Spam is a problem everywhere, and we've seen increasing numbers of users signing up for the express purpose of posting comments, or sending messages, about unexpected multi-million dollar windfalls, magical solutions to marital problems and the like.
By default, DTL protects you from most such messages, and gives you the tools to fully ilsolate yourself. To do this, we use the distinction between a "guest user" and a "DTL member". A guest user is someone who has self-signed up. A member is anyone who has one or more colleagues. To get a colleague, you need to be invited to be a colleague by an existing DTL member. This means that in effect, DTL members are self-selecting -- every DTL member has been chosen by another member, through the invitation to be a colleague. And in practice this means that the users who are signing up for purposes of selflessly sharing the path to riches and marital bliss are all guest users and not members.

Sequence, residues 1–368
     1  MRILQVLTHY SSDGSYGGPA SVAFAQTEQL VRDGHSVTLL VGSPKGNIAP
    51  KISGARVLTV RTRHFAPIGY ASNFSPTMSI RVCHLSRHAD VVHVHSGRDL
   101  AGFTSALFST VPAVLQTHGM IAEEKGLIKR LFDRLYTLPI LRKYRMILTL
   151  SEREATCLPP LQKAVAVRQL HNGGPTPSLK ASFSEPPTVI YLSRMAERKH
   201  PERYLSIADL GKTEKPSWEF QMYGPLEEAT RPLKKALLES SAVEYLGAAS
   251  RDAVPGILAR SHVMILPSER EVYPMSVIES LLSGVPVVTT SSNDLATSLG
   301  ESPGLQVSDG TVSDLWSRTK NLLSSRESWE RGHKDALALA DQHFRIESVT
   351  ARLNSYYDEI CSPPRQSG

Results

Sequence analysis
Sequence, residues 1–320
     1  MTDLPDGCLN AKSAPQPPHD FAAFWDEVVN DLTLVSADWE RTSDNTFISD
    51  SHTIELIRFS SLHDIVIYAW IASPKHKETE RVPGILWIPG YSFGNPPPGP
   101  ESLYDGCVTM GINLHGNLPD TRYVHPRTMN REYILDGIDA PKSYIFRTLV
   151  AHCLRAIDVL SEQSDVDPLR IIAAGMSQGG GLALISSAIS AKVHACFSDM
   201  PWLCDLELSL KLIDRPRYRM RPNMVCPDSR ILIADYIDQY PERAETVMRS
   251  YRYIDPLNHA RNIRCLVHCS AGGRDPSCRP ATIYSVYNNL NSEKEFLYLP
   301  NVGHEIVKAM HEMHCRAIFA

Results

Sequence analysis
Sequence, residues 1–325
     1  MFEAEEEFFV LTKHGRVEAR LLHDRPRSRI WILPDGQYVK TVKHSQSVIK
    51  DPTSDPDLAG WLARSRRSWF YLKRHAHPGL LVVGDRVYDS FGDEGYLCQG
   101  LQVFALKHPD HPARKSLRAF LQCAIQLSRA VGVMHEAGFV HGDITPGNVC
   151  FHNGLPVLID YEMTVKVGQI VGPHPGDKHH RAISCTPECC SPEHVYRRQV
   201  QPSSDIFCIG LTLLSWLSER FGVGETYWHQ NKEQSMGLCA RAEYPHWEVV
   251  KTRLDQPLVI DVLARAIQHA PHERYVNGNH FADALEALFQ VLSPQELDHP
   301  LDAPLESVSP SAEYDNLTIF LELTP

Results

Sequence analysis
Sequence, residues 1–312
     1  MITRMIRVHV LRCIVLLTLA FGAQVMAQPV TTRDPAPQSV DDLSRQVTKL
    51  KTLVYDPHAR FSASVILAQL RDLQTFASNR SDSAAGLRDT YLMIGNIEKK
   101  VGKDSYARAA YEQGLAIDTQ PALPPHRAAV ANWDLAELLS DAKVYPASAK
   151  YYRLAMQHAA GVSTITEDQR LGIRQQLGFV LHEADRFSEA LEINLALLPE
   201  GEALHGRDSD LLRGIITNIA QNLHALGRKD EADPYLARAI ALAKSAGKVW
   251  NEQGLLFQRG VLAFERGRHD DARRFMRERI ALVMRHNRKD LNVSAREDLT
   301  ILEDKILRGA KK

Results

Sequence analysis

By default, the permissions on your blogs and documents are set such that only DTL members can post comments -- guest users cannot post comments. You can of course change this if you wish, but the default should prevent spam comments. The other important permission is your "D-mail permission" -- who can send you d-mail messages. By default this is set to "guest users and members", meaning that if someone wants to sign up and send you a message about an unexpected windfall in Lagos, they can do so. If you want to preclude such spam messages, you should set your -dmail permission (from your 'settings' at left) to 'DTL members only'. But of course there's a tradeoff -- if you do that, then you may miss out on serendipitious messages from users you wouldn't otherwise have heard from.
I'm keeping an eye on this -- it may be possible to eliminate virtually of the spam messages by simple keyword filters. Perhaps if we black-holed first-time messages from guest users that contained the words "marital", "terminal", or "million" we'd eliminate most of the problem. TBD on that one ;-)
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Created: June 28, 2014Englishfrançais